This blog has followed the TRIPS extension debate and development this year here and here since over 70% (25 out of 34) of WTO member countries categorised as least-developed countries (LDCs) are in Africa. Today, this Leo learns from the WTO press release (dated 11 and 12 June 2013), that a decision has been reached on TRIPS extension for WTO LDC members.
The WTO Council for TRIPS have agreed to extend the transition period for LDCs to implement the TRIPS Agreement until 1st July 2021 - with an option to seek further extension beyond 2021 ('The 2013 transition period agreement') or until such a date on which they cease to be LDC, whichever date is earlier. Without this extension, LDCs would have been expected to provide for intellectual property rights protection stipulated under the TRIPS Agreement from 1st July 2013 pursuant to the initial extension in 2005.
This Leo highlights these key points although 2 and 3 are closely linked:
- Patents for pharmaceuticals intact: The 2013 transition period extension agreement does not apply to the current expectation on LDCs to provide for patent protection for pharmaceutical products from 1st January 2016 ('The 2002 transition period agreement'). (Afro Leo notes that LDCs have the right, like they have successfully done this month, to seek for a further extension of the 2002 agreement)
- Non roll-back provision: Unlike the stronger wording in the 2005 transition period extension agreement, LDCs have now only expressed a willingness not to reduce or do away with their current IPRs protection if they have already voluntarily implemented TRIPS. (Afro Leo thinks that most have voluntarily done so or probably coerced to do so by trading partners).
- May continue to implement and/or apply TRIPS: LDCs may continue with their progress in TRIPS implementation and fully utilise its flexibilities such as introducing compulsory licensing to get around patent rights and this does not count as rollback. Developed countries are also expected to offer incentives to support LDCs' technological base.
Basically, the 2013 extension agreement does not entirely exempt LDCs from implementing and/or applying TRIPS. They are free to implement TRIPS if they wish to do so and as a gesture of goodwill, have expressed an intention to take necessary steps in readiness for the 2021 implementation deadline. In addition to this kindness, they have also agreed to act in good faith by not reducing or scrapping the protection they already provide for under TRIPS.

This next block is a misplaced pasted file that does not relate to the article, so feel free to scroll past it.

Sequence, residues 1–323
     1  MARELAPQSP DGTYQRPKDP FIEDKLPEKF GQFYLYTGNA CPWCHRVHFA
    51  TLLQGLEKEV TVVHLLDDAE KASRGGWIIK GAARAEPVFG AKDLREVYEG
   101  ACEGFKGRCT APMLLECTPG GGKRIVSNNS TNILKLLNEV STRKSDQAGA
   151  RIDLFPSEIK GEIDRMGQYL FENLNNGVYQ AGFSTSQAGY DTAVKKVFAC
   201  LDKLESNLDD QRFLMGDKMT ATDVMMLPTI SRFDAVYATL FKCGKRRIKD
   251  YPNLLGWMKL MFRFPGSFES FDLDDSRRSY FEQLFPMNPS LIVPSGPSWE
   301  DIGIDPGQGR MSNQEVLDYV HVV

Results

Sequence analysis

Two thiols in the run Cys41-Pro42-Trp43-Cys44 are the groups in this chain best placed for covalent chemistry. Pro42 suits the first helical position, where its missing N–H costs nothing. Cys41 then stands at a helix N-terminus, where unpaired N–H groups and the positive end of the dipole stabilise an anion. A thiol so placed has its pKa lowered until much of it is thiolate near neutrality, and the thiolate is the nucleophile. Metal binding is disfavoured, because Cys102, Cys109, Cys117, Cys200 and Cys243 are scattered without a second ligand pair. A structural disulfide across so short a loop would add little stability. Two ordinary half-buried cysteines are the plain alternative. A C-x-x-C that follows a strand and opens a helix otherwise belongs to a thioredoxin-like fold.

Obviously, this news will not be all that positive or encouraging for some while others may well think it is a fair compromise. (Whichever side you sit on, even WTO's news headline 'The least developed get eight years more leeway on protecting intellectual property' sounds as if the extension is somewhat not enough or fair, says chuckling Afro Leo).
Fikremarkos Merso argues, as reported by this blog here, that "...Extending the transition period under TRIPS is just one step. There is also a need to address the underlying issues beyond extension such as helping LDCs build their technological base and better integrating IP and development, rather than focusing on mere implementation and compliance. Comprehensive work is required to identify trends, gaps, successes and challenges facing African LDCs in this area. Finally, the issue of the LDC TRIPS extension should be considered in the context of LDCs that are in the process of WTO accession."
Considering that this Leo is not a development expert, he currently takes no firm view on whether an eight (8) year extension or an indefinite extension is the right or wrong solution. What he is eager to see is more transparent and useful IP technical assistance and capacity building initiatives which would enable both developing countries and LDCs develop sustainably and navigate TRIPS for their respective socio-economic development and needs. (Afro Leo finds it interesting that the enhanced technical cooperation provision has been dropped this time around. So back in 2005, developed countries were expected and eager to assist developing countries and LDCs in need of TRIPS implementation but this is now irrelevant or not needed in the 2013 extension agreement. How come and why? And, what about those LDCs who have been assisted to implement TRIPS considering that they agree not to reduce or scrap whatever IP regime they have put in place. Essentially, the lucky ones are those who have not put anything in place to begin with)
We welcome your general comments on WTO's decision, including on the following:
(a) Do you think 8 years is enough?
(b) Do you agree with Fikremarkos Merso's view?-------------------------------------------------------------------------------
For a history on TRIPS and LDCs, see here
For global academics's expert support for unconditional extension of TRIPS, see here
For ICTSD's commentary on this, see here and for IP-Watch, see here